Can anyone tell me the proper element spacing for a 2 meter yegi antenna? I built one myself but the plans I used were for a 440 MHz yagi but I adjusted the element lengths to 2 meters but not the spacing.
Just as the element lengths were adjusted by a factor of ~3, so should the spacing. Try this aid:
SPAR ( [url]http://www.spar-hams.org[/url] ) & ARRL
You will do what you want. #All the rest is just talk.
Element spacing, like element length, is measured in wavelengths; if you have not increased the spacing in the same way that you have increased the element lengths you have a problem.
Spacing is critical to performance; it affects pattern and feedpoint impedance.
Early Yagis had regular spacing of the order of 1/4 wavelength; modern design calls for log-taper spacing.
Google DL6WU and you will find this kind of information;
A copy of the ARRL Antenna Book or VHF/UHF Antenna Classics will help you.
I posted this a couple of days ago.
If you didn't also scale element DIAMETER, you will also have to use different dimensions; if you used the same element material as specified for the 70 cm antenna, the elements will have to be slightly LONGER than if the are also scaled upward. (The elements don't all have to be the same diameter; many designs use a larger diameter driven element (DE) than for the parasitic elements. A "thicker" driven element will be usually provide a greater bandwidth than a thin element, but will also be slightly shorter. The use of larger diameter conductors for the driven element often leads to the DE being shorter than any of the other elements. Also, remember that because of "skin" effect, elements can be hollow tubing; they don't have to be solid material unless that's necessary for mechanical reasons or convenience.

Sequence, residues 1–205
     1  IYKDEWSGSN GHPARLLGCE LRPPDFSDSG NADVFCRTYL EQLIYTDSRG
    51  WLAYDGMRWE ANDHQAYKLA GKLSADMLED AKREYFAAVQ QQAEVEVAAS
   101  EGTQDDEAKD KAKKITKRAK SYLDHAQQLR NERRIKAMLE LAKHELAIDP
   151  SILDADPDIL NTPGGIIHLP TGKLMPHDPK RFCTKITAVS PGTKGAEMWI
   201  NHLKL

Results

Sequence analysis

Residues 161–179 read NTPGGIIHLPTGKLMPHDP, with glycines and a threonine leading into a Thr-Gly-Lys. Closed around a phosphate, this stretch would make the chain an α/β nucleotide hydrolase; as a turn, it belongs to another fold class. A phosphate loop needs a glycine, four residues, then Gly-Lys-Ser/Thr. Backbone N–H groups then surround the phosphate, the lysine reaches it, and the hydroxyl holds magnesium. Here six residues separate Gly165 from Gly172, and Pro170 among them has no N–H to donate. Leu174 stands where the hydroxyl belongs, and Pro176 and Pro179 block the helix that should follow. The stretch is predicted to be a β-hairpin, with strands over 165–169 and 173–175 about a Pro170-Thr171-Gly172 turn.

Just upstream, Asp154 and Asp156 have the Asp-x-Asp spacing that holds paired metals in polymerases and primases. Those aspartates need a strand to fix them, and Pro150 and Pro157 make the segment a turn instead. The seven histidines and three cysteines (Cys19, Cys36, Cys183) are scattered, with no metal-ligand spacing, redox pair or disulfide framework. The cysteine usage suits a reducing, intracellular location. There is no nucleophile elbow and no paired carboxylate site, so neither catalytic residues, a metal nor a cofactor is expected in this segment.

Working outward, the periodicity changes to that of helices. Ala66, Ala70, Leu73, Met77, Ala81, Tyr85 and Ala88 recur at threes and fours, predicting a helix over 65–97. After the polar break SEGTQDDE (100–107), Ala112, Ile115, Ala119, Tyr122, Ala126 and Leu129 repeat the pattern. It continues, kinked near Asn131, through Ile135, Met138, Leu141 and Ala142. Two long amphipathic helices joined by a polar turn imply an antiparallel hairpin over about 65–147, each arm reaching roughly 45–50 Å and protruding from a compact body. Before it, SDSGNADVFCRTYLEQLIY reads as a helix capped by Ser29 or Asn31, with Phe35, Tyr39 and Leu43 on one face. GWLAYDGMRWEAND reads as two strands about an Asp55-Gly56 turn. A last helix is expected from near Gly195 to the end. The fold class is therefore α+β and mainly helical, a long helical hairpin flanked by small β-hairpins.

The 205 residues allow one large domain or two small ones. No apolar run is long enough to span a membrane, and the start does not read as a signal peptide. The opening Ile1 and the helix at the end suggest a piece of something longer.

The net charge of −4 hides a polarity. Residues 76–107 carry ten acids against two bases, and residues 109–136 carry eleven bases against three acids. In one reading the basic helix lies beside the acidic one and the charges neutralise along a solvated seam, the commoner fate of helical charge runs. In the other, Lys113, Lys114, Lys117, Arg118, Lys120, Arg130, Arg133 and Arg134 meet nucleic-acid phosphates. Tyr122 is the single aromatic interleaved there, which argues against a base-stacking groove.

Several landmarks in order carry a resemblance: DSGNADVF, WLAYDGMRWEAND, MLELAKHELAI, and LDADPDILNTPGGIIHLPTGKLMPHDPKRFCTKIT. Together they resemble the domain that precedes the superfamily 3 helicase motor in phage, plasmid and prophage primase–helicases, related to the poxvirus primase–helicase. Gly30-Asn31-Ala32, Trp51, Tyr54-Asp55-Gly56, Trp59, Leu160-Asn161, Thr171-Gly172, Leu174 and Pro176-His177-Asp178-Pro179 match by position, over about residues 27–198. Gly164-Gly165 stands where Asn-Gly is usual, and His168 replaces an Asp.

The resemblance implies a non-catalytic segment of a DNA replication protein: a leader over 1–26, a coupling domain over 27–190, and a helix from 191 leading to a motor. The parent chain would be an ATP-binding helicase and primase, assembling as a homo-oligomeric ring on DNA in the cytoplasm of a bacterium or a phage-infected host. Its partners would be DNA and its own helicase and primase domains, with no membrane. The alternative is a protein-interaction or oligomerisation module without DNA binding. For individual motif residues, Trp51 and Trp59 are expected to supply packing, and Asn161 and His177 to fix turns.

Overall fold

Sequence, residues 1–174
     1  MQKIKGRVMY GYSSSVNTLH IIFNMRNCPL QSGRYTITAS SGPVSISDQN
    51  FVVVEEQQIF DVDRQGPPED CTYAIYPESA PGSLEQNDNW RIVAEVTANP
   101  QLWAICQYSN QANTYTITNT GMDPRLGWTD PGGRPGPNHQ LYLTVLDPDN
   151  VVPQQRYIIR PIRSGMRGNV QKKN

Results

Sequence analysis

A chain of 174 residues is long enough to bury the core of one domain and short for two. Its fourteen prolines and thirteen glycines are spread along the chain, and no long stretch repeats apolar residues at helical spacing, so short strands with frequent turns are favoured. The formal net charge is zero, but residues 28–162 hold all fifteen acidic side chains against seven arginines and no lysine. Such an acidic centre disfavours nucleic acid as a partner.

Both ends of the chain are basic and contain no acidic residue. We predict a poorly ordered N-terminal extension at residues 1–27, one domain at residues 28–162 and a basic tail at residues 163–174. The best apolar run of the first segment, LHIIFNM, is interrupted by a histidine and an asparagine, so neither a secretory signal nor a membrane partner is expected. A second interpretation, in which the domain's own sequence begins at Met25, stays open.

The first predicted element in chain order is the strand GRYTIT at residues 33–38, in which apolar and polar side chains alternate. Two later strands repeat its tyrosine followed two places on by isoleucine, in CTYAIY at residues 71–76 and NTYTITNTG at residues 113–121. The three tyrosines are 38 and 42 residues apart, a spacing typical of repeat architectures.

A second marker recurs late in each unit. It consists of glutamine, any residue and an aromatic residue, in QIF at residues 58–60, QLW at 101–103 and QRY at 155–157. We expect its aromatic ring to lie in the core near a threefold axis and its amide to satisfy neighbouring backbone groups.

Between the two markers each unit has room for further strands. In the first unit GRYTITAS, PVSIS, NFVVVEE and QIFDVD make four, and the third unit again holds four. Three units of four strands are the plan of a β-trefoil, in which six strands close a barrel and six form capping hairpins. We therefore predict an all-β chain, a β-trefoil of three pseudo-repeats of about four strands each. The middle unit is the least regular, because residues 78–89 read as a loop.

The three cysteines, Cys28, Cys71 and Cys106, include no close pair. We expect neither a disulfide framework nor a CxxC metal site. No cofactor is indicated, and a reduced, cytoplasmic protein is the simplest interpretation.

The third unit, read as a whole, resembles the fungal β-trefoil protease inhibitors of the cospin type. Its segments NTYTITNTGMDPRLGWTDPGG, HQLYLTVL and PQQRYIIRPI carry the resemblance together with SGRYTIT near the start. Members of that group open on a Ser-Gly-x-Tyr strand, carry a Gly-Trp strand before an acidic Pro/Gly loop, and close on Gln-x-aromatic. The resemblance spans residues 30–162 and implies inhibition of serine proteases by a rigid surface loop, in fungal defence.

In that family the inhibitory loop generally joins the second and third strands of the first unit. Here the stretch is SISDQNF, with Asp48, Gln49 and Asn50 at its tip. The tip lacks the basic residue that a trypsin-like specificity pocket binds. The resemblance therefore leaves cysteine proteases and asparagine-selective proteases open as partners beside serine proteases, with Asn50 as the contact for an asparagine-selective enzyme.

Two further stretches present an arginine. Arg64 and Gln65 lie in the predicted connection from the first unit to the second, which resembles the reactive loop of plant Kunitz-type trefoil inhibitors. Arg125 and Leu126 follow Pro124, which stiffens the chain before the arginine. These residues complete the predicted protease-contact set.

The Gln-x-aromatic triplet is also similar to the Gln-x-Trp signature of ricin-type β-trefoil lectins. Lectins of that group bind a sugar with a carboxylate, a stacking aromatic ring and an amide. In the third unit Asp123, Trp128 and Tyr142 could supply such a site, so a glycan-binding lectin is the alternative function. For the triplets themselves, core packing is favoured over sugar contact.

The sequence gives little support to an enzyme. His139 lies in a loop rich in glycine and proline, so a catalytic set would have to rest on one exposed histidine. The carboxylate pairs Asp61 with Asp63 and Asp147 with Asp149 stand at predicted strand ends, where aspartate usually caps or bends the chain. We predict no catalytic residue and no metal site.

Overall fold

The ARRL Anrtenna book is a good reference, and you won't regret getting one. Hope the antenna works as well as you want. Good luck.
Go to the downloads section on this site and acquire the "YagiMax" suite. That program is very good to determine the characteristics of a yagi antenna. Also, the suite includes a program entitled "gamma" that will give the length of a gamma rod to match the antenna and for the value of the series capacitor.
I use YagiMax all the time to determine the measurements of yagi antennas and the values of the gamma match. A little over a week ago I helped a local design a 3-element 10 meter yagi for use at Field Day (yes, the band did open into this part of the country) using YagiMax. Although I was not at the Field Day operations I understand that the antenna worked very well.
It's "generally" (depends on design and optimization) .2 wavelengths between elements. This should get you in the ball park.
Originally Posted by [b
Get the antenna books, and READ.
Element spacing depends on several criteria:
Front to back ratio
All of these interact, what is optimum for one is not necessarily optimum for all.
Do your homework, build the beam, and come back and tell all of us . . . then you'll become an Expert.
Well I removed 3 elements from the antenna. I used an online antenna calculater that told me that the correct spacing for 146 MHz was about 15" so because the boom I used was only 3 feet long I turned it into a 3 element but the antenna seems to be working better then before.
I was able to hit a repeater 25 miles away with a full quieting signal from the left side of the antenna with it in the basement (the repeater was to the NW and the antenna was pointing to SW).I'm able to hit a number of the local repeaters including some I never was able to get to before.
Well done; you have now entered the ranks of amateur experimenters.
Yagi performance is not measured by the number of elements; it's measured by boom length.
The assumption is that element spacing is correct.
So a "10-foot boom" yagi will not be as good as a "20-foot boom" one; it will still be pretty good, though.
You can pile eleventy-seven elements on a given boom length and all you will end up with is a bad antenna.
As I said earlier, about 1/4-wave spacing (closer to 0.2-wave as ATS said) is usual. It's still usual for short (in wavelengths, remember) yagis; the log spacing begins to make a difference in long (wavelength)-boom designs.
Thinking in wavelengths rather than feet/metres/cubits is essential to understanding antennas.